5. K. C. Ireton says:

    Simcha and Lancia, bless you both. Those words you called out are, I think, the closest I was able to get to conveying both the vision and its imperative. I’m glad and grateful that they resonated with you.

  6. Tammy Waldrop says:

    These words are exactly what I needed right now. Thank you.

  7. Lancia Smith says:

    You are so welcome, Tammy. They are the very words I need to hear right now, also.

  8. Lancia Smith says:

    Amy, I am so glad that you and Kimberlee have the touchstone of common ground of kairos experiences as well as being word shepherds. I hope someday that we can do a writer’s workshop retreat for Cultivating writers and we all get to meet face to face. Your comment about printing it out for your files makes me long for the day when we can in fact create a book from our contributions! Wouldn’t that be lovely?!

  9. Denise Armstrong says:

    Dear Lovers of Beauty & its Lord,
    Thank you for how you are partnering with Him to water souls with beauty and truth. Kimberlee, I am so glad that being a ‘good presbyterian’ has not stopped you from shouting with your pen! On my way to dust off and pick up where I left off with some of those friends you mentioned. Thank you both. Denise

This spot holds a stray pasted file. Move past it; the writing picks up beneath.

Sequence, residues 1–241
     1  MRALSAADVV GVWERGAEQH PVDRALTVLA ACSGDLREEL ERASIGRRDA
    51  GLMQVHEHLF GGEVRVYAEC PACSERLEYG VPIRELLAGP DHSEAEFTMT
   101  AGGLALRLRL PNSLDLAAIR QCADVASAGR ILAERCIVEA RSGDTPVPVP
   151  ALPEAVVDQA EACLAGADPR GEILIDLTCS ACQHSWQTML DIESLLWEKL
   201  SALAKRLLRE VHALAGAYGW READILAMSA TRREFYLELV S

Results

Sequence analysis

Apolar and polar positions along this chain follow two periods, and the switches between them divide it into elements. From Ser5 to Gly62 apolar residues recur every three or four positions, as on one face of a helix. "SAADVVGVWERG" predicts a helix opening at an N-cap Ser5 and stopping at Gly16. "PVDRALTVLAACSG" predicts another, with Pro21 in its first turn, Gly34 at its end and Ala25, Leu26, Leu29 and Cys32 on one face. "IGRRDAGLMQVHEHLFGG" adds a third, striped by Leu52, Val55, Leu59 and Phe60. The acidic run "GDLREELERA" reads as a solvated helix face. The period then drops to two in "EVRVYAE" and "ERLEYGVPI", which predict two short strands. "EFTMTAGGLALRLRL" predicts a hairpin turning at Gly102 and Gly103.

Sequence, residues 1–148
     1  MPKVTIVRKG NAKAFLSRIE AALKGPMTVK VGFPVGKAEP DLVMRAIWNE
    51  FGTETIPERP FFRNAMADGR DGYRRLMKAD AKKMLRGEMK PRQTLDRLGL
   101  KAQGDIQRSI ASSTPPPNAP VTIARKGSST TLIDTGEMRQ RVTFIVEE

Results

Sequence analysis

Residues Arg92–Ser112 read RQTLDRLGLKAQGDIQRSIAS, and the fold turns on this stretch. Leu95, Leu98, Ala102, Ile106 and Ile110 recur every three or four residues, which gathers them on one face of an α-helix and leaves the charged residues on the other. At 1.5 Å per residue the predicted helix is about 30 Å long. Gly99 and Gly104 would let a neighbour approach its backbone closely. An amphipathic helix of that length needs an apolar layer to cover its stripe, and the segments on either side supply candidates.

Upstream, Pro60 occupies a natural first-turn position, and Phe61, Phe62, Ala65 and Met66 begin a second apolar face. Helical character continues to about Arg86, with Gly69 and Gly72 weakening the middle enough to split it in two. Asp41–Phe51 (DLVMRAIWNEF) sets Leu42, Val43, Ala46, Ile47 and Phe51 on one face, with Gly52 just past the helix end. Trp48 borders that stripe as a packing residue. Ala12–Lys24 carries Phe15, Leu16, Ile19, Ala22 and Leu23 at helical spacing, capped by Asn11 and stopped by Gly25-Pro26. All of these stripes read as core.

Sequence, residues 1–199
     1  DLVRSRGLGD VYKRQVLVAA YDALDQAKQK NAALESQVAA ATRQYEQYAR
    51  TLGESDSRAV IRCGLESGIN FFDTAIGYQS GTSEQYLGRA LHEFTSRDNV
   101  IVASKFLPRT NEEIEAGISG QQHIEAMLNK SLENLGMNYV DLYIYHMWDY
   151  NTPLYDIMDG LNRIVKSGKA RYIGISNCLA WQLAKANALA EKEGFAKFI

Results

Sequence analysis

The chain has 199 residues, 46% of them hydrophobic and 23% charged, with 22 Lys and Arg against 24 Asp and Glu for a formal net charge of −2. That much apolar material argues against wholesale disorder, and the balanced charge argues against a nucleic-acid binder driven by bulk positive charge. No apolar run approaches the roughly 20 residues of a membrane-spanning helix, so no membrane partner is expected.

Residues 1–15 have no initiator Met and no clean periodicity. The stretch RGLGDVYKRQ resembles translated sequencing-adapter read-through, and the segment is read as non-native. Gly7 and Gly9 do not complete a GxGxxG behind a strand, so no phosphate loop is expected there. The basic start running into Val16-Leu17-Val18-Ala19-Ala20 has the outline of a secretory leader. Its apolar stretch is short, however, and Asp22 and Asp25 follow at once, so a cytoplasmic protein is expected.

10. Amy Baik Lee says:

    Those would be high honors, indeed. 🙂

  11. K. C. Ireton says:

    Dearest Denise, I’m glad you are shouting with your pen, too, and wielding it to point out the Beautiful and point back to our Lord. So grateful to be a co-creator with you, my friend!

  12. […] a revised version of my essay “The Stories Are True” has been published at The Cultivati…. I have wrestled with this essay for three years, and I am still not happy with it; it does not […]

  13. Lori Tischler says:

    Yes! Beauty and truth. SEEing is believing.
    And thrilled you mention Elizabeth Goudge—very few include her among the greats. In fact, I just read a piece commenting that only people who are simple and dowdy like her work. Once I got over being offended—ha—I thought, “Yes exactly. That’s what makes her great.”
    The first shall be last. When we are weak we are strong.

  14. K.C. Ireton says:

    Absolutely! Here’s to simple and dowdy! And awash with wonder, and alight with the joy of little things…